But with all of that said, we thought this was an interesting query to put to you, Latitude Nation. Are you a sailing “purist?” Do you avoid using the motor as much as possible? Do you sail into situations that would perhaps be safer with the motor on, but with your experience, you feel more than capable doing under sail?

We’d like to know. You can either comment on this story below, or email us here.

Blasting Across the Atlantic

Route du Rhum


The Route du Rhum — now more than three weeks old — is entering its closing stages, though many boats remain on the more than 3,500-mile course. Finishing Sunday afternoon to massive applause was 58-year-old sailing legend Loïck Peyron onboard his little yellow trimaran Happy, a sistership to the boat that Canadian Mike Birch sailed to a narrow, 98-second line-honors victory in the inaugural Route du Rhum. Peyron sailed the race in honor of ocean racing pioneers such as Birch and Frenchman Eric Tabarly. Foregoing GPS, modern routing software, and furling or composite sails, Peyron sailed decidedly old-school in solidarity with the founders of the sport. He had a sextant to navigate, an aluminum mast, a stock boat and Dacron sails.

Happy approaches the finish
Loïck Peyron approaches the finish of his eighth Route du Rhum with a massive spectator fleet in tow. His star power in the sailing world is almost unrivaled.
© 2018 Alexis Courcoux

“My story over the last four years is to try to give a tribute to those guys like Mike Birch and Tabarly, the pioneers — Tabarly in the OSTAR and Mike Birch here in the Rhum. So I feel I have done that,” said a smiling Peyron once dockside. “I went out too early; it was super-bad weather. I was seeing a good 50 knots and a big sea state because Finisterre is not the right place to be,” Peyron added, when recalling the brutal conditions of the initial days of the race, and the multiple boat-breaking gales that he and Happy weathered. He admitted to pushing the boat very hard and the old-school trimaran being “very bouncy all the time.”

Loick Peyron aboard Happy
Many Bay Area sailors got to know the affable Loïck during his tenure at Artemis Racing’s America’s Cup team compound in Alameda.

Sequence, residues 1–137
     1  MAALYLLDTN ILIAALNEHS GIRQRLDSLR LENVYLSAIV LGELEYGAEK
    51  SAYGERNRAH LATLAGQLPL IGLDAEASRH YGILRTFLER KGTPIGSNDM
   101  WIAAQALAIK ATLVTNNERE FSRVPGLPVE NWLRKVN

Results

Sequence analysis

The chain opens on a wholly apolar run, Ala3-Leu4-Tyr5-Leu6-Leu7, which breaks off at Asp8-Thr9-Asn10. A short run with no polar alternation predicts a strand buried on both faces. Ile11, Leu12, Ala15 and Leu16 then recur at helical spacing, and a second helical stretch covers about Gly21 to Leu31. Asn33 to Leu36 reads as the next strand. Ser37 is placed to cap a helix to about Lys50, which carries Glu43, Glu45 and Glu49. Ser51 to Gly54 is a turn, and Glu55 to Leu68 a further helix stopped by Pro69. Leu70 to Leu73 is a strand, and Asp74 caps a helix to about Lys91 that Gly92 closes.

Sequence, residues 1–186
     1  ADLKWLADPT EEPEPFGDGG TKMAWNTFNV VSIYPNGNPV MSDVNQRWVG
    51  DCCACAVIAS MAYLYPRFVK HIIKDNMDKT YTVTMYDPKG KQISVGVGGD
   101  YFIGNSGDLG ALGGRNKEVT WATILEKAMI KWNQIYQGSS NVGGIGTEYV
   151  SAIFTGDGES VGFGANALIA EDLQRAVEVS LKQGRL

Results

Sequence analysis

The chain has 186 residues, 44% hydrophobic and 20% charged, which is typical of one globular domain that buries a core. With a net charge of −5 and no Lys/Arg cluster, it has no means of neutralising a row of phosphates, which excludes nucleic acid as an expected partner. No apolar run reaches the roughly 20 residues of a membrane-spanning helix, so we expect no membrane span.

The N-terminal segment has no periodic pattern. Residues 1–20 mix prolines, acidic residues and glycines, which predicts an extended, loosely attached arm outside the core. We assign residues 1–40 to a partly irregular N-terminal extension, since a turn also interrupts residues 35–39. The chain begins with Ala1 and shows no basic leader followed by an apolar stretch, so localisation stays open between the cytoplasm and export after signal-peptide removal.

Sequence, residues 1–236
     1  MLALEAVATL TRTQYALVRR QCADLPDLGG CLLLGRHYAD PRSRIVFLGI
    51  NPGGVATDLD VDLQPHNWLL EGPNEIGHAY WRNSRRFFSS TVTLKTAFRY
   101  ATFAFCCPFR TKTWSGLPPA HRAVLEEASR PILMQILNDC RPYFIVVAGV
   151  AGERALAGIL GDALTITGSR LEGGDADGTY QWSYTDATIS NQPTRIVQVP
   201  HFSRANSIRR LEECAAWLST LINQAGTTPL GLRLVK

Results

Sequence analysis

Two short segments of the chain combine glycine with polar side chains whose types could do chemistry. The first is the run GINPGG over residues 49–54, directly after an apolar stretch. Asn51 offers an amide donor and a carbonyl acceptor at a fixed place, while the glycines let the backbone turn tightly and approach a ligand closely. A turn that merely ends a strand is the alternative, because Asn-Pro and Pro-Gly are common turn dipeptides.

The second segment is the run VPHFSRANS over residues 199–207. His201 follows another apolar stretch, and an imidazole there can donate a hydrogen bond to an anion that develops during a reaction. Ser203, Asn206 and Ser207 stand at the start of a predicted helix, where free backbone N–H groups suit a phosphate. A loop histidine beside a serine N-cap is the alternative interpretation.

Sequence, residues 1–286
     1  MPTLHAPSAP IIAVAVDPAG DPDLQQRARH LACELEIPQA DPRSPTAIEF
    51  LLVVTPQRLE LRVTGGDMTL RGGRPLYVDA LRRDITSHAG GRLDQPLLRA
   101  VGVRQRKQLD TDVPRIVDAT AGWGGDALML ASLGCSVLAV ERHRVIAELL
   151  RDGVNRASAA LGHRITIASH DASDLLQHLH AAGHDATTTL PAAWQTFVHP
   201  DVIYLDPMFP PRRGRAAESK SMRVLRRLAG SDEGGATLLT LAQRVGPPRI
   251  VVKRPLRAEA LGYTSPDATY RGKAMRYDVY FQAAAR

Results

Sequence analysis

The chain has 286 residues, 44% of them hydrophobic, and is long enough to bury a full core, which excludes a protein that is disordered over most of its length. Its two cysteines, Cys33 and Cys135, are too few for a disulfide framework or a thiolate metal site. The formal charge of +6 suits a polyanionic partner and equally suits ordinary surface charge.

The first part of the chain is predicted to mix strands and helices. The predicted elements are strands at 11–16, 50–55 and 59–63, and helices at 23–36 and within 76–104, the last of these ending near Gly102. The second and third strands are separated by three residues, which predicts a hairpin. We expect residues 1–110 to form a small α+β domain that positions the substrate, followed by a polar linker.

© 2018 Alexis Courcoux

Push the boat hard he did. Loïck sailed Happy into Guadeloupe more than two days inside of Birch’s race-winning effort from 1978, and a few hours ahead of competitor Jean-François Corre, who was sailing a nearly identical sistership to Happy.


Also finishing the Route du Rhum on Sunday was American Michael Hennessy, who steered his Owen-Clarke design Class 40 Dragon to a very impressive 12th place finish in the stacked 53-boat field. A 52-year-old businessman from New York, Hennessy and his Dragon proved to be formidable when the going got rough. A 10-year-old boat and an equally long journey to get to the Route du Rhum, Dragon surely benefited from a high level of preparedness when compared with some of the newer, more fragile boats. Michael spent a lot of time at the nav table writing captivating blog entries about the race and heavy-weather sailing in a Class 40.

Michael Hennessy onboard the Class 40 Dragon finished 12th in the massive Class 40 division. He is the only American to finish the Route du Rhum this year.
© 2018 Route du Rhum

Banque Populaire IX

As some of the more modest 40-footers have begun to pour into Guadeloupe, many of the race’s fastest maxi-trimarans and IMOCAs have begun to make their way back to Europe. Around the time that race-winner IDEC Sport was ripping past the Azores archipelago, Armel le Cléac’h’s Banque Populaire IX arrived in the port of Vigo, Spain, in pieces. After two capsizes in one year and experiencing some heavy weather while upside down, the brand-new 100-ft foiling monster has now been reduced to little more than carbon-fiber wreckage. The team has announced that there will be no third attempt to get the boat sailing again.

Banque Populaire
After two capsizes in one year, the maxi-trimaran Banque Populaire IX has arrived into the port of Vigo, Spain, as a heap of wreckage. The boat will not be rebuilt. One can only hope that ‘the People’s Bank’ does not leave the sport.
© 2018 Javi Montenegro

RORC Transatlantic Race

The RORC Transatlantic Race started on Sunday; a fleet of 10 yachts headed for a trade-wind jaunt from Lanzarote, in the Canary Islands, to Grenada in the Caribbean. At the head of the fleet, the MOD 70s Maserati and Powerplay are duking it out in a close match race while Pier Luigi Loro Piana’s 130-ft Italian super-maxi My Song leads the monohulls. Franco Niggeler’s Swiss-flagged Cookson 50 Kuka 3 holds the position of second monohull on line honors, and currently leads overall on IRC.

Powerplay flies a hull
Former Bay Area sailor Peter Cunningham’s new-to-him MOD70 Powerplay. Currently, he is locked into a close battle with Giovanni Soldini’s MOD70 Maserati. Due to very recent damage to the starboard side T-foil rudder that helps stabilize the boat when in foiling configuration, Maserati is effectively stuck on a port tack and modified to foil on a starboard tack.
© 2018 RORC Transatlantic Race
Sun Damage
When you live on a boat in the tropics year-round, you adjust to the challenges of wind, rain and extreme heat every day as needs arise — protecting expensive gear from sun damage, attending to leaks, and keeping mold and mildew at bay.